The endocannabinoid system regulates the immune and the endocrine system. “Those are the two culprits for most chronic degenerative and terminal illness,” says traditional naturopath and registered herbalist Dr. Lakisha Jenkins. “We will literally see a healing of the nation if we start to support ECS.” According to Dr. Jenkins, we should view phytocannabinoid supplementation like a nutritional supplement. Rather than view it as strictly recreational or medicinal, it can be a nutritional tool to prevent the development of conditions cannabis currently treats. Your friend who doesn’t smoke weed likely consumed the wrong type, at the wrong time, in the wrong amount. 

Tishler, MD is familiar with the claim that we should integrate cannabis into our diets to treat endocannabinoid deficiencies but is skeptical. “It’s not an unreasonable hypothesis, but I wouldn’t operate under the impression that we have any research to support it,” he says. In particular, he is wary of brands that say we all need cannabis. “It’s sold with claims being made by unqualified people without the science to back that up. It becomes far more about making money than taking care of people,” Tishler, MD says.“Sometimes it doesn’t work; people can’t handle the side effects, just like any other medication. It’s good for some people, and it’s not good for other people.”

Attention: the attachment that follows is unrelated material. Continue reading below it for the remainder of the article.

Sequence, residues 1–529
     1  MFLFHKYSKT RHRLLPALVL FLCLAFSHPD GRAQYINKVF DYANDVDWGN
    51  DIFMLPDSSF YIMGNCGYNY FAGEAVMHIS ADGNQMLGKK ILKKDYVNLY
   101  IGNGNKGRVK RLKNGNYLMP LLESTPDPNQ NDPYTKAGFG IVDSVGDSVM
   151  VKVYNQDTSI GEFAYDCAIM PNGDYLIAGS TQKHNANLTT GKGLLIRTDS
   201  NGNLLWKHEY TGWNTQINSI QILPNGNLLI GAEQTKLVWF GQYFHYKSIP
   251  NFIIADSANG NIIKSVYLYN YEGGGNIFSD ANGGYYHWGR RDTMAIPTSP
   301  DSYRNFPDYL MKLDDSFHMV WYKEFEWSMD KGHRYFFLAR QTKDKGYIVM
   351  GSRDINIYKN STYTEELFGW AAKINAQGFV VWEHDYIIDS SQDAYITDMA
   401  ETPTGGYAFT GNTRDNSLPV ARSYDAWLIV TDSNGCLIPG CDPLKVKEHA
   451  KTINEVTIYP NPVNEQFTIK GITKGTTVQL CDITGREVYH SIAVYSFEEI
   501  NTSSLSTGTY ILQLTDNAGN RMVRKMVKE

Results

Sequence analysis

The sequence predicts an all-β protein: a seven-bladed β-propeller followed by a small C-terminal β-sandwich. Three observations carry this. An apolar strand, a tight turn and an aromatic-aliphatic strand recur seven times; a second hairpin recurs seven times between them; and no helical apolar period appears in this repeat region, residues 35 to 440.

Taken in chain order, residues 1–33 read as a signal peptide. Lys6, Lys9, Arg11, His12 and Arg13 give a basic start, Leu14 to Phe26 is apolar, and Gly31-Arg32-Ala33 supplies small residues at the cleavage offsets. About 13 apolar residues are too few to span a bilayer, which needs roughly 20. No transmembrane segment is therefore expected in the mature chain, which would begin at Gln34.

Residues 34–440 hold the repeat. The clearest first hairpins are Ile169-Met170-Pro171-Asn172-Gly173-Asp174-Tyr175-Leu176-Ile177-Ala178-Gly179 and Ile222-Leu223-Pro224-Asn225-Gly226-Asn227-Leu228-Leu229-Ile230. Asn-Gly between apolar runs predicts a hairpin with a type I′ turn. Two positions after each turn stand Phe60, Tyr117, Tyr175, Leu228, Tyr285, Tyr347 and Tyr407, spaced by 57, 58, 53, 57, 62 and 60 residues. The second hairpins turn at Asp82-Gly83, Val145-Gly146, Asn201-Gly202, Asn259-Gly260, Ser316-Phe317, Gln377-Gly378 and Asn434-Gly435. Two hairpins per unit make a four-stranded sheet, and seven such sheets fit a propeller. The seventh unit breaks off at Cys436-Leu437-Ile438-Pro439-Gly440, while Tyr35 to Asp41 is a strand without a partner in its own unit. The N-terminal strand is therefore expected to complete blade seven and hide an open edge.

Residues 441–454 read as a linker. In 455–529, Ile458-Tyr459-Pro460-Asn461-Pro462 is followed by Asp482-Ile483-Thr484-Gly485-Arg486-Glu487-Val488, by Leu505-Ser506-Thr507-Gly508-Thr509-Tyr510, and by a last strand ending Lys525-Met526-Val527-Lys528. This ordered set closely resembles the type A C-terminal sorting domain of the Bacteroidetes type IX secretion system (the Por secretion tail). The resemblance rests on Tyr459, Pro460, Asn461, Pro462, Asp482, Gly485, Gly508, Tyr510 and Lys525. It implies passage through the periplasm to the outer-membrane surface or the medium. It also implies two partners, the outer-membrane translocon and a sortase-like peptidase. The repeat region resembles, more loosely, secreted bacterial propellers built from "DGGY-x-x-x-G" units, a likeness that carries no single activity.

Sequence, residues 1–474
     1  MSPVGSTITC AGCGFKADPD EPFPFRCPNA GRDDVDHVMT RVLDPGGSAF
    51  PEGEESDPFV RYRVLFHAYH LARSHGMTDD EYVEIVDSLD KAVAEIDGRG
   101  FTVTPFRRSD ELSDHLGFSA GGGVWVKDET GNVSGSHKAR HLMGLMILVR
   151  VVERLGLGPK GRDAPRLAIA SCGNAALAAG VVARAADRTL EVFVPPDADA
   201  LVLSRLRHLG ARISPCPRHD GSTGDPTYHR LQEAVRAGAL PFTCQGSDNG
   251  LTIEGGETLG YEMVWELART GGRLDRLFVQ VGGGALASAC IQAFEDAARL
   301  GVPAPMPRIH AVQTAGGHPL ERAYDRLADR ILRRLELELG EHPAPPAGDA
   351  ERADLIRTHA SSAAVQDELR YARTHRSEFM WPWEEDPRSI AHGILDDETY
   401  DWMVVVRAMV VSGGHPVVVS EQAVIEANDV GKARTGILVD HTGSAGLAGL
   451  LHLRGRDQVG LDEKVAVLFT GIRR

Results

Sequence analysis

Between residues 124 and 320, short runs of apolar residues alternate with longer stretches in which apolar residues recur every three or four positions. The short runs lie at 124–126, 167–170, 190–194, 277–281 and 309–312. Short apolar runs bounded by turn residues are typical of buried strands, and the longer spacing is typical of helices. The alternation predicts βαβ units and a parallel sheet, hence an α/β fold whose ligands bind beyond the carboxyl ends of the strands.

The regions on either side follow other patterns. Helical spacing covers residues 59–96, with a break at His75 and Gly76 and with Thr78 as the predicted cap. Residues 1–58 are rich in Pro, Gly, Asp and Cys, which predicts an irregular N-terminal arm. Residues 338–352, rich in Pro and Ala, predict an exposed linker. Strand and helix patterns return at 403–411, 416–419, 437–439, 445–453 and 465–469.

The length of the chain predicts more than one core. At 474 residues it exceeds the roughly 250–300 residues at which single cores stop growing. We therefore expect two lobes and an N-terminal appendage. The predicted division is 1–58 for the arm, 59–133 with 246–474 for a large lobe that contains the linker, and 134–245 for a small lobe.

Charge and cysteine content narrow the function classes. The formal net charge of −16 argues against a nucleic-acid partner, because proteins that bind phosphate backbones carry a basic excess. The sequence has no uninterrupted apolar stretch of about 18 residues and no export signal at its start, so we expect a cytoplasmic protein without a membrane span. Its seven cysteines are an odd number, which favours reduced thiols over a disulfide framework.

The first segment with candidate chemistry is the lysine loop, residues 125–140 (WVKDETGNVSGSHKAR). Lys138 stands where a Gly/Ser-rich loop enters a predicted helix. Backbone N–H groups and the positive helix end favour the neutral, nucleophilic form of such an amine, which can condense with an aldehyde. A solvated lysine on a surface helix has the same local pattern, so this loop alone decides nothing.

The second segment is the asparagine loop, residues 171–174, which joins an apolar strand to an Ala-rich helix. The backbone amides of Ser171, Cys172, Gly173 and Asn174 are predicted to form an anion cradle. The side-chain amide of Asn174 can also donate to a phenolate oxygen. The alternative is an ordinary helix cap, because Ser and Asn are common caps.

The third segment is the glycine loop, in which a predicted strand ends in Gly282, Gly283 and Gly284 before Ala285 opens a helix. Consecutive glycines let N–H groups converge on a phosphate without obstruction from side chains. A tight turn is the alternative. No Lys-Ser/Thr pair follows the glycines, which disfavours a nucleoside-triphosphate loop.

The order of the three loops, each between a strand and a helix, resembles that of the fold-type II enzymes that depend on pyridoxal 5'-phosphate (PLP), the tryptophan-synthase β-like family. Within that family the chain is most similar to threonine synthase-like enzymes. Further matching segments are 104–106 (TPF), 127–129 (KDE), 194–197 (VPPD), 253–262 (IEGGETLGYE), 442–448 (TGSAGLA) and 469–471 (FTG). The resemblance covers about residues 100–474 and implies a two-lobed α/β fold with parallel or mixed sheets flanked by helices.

What is the best way to consume cannabis?